Well Done, Book Lovers

Today I was expecting to be writing a post asking you to help a friend out. Instead I’m writing one congratulating book lovers for being wonderful people. Given how awful things are in the UK right now, this is a very welcome piece of good news.

Some of you may remember Sam Jordison as the author of a bunch of book reviews in Salon Futura back in the days when it was a semi-prozine. He’s probably better known for running the Not the Booker contest in The Guardian. But these days he should be best known as one of the people behind a small press called Galley Beggar.

While that name might not be immediately familiar, you have probably heard of a book called Ducks, Newburyport by Lucy Ellmann, which has been winning various prizes over here and was on the short list for the actual Booker. Now being up for a major prize is a potentially complicated thing for a small press. Because Juliet was up for a British Fantasy Award this year I took myself off to Glasgow for a few days. Wizard’s Tower can’t really afford to send me to conventions, but I could afford this myself.

Being a finalist for the Booker is a whole different ballgame. People want your book. In Galley Beggar’s case that included an order from a company called Book People for 8,000 hardback copies of the book. That was an order worth just over £40,000. Yesterday Book People declared bankruptcy with many outstanding debts unpaid, including the invoice from Galley Beggar.

I have no idea how much money Sam and his partner take from the company, but £40,000 is round twice my annual income, and that’s from three jobs of which Wizard’s Tower is the least profitable. I’m sure you can imagine what sort of a hole that would make in the finances of a small press.

So this morning Sam’s partner, Eloise Millar, launched a crowdfunding campaign so see if the great book-loving public could help them plug that gap in their finances.

It fully funded earlier this evening.

That’s incredible, people. Well done. I am so happy that a great little publishing company has been saved.

If only we could channel that sort of sentiment to save the country.

Writing Queer Charcaters from History: Online

I’m delighted to announce that my workshop, “Writing Queer Characters from History,” is now available from the Rambo Academy for Wayward Writers. Those of you who participated at FantasyCon, and at the Writing Historical Fiction conference at Bath Spa University, seemed to enjoy it. Bath Spa folks in particular should note that the online course will be 2 hours, not 20 minutes, so there will be a lot more time to explore the issue.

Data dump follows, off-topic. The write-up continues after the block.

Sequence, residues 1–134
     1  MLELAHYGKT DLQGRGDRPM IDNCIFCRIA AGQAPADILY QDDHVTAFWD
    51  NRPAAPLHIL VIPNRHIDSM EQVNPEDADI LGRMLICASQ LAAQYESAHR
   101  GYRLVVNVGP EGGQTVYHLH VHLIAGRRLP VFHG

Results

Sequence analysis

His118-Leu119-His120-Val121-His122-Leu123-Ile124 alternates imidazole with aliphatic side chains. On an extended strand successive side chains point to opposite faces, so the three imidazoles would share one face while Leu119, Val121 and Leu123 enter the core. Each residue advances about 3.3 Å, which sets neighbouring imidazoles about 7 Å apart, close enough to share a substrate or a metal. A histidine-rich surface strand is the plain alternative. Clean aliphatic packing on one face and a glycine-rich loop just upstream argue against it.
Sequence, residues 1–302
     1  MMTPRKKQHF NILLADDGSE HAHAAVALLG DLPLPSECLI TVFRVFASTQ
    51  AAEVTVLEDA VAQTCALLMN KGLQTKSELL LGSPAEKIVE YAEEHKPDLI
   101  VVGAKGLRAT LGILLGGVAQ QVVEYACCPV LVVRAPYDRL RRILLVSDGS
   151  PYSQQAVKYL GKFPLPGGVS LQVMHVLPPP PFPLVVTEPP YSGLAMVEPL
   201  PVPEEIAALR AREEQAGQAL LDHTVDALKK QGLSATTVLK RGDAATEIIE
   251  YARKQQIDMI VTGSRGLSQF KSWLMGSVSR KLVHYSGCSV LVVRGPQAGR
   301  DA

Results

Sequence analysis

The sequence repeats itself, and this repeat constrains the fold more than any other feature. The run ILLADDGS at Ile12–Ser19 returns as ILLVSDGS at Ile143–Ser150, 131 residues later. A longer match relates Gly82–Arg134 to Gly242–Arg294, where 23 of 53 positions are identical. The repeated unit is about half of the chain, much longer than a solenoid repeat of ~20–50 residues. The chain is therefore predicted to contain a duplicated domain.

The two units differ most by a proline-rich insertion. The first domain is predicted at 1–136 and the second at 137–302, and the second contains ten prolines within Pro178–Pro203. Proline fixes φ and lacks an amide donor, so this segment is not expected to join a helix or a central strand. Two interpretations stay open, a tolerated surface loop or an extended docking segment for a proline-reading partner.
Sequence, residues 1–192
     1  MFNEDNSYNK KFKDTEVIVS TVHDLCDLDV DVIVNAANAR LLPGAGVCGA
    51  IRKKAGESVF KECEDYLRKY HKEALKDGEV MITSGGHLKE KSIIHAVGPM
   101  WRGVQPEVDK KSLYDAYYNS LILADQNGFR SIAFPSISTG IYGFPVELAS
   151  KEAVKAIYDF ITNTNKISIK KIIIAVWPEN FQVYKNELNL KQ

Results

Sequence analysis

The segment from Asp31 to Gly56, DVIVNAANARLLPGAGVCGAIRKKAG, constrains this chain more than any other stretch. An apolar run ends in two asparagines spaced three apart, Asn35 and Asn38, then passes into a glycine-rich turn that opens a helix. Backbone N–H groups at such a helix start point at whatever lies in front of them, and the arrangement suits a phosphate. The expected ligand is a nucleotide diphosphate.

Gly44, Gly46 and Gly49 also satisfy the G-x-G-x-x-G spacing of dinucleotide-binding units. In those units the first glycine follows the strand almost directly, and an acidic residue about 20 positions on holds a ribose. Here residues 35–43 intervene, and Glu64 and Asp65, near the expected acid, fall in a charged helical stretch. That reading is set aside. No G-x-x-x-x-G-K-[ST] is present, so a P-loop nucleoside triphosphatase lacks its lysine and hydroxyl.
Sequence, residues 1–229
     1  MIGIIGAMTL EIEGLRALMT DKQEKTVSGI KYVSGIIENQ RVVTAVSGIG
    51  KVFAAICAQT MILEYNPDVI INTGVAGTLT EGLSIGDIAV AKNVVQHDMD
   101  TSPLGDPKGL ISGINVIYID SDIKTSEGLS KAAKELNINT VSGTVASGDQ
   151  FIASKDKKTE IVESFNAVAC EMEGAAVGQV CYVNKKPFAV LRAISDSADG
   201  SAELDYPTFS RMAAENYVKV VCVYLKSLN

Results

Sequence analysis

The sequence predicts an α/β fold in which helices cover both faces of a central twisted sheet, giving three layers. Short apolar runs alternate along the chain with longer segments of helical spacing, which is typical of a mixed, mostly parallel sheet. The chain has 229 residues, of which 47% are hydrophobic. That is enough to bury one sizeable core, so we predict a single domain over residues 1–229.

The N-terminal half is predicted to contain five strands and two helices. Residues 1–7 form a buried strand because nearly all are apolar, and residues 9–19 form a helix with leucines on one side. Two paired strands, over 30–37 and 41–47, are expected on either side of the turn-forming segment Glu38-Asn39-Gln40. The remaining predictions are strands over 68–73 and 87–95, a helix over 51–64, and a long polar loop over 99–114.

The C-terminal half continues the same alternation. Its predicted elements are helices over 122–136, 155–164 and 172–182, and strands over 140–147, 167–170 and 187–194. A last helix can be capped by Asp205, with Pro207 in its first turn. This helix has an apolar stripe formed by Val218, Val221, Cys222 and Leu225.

The first course will be on Saturday, January 4, 2020, 9:30-11:30 AM Pacific time. Further details about the course and how to sign up are available here.

Up On the Aqueduct

It is that time of year again. My review of the year post has gone up on the Aqueduct Press blog. There are already lots of other fine entries to the 2019 series, and doubtless many more to follow.

I need to apologise to Kate Heartfield because I totally forgot about her Alice Payne novellas when writing that post. However, I have now read Alice Payne Rides, so that will be reviewed in the next Salon Futura.

I still haven’t got to see Frozen 2. Maybe tomorrow.

Farewell, Noisy Neighbors

I don’t pay a huge amount of attention to the NFL these days. I gather than the 49ers are having a fairly good season, though you wouldn’t have thought it from last night’s implosion. Elsewhere in the Bay Area, however, a momentous event has taken place. Yesterday the Raiders played their last game in Oakland before heading off to Las Vegas for the new season. There are, of course, those who will say that Vegas is entirely in keeping with the Raider aesthetic, but how many of their devoted fans will be able to make the trip to the new stadium is very much open to doubt. The Raiders might have been noisy neighbors, but they were our neighbors and now they are leaving. We will miss them. More importantly, Oakland deserves better.

To mark the event, I would like to direct you to this article that I wrote for Emerald City back in 2003. It attempts to explain Bay Area sterotypes by way of the local football teams. Along the way it gently pokes fun at both groups. A few thngs have changed in the intervening years. The 49ers no longer live at Candlestick Park, and mobile phones are now well within the price range of Raiders fans, but much of it still holds good, I think.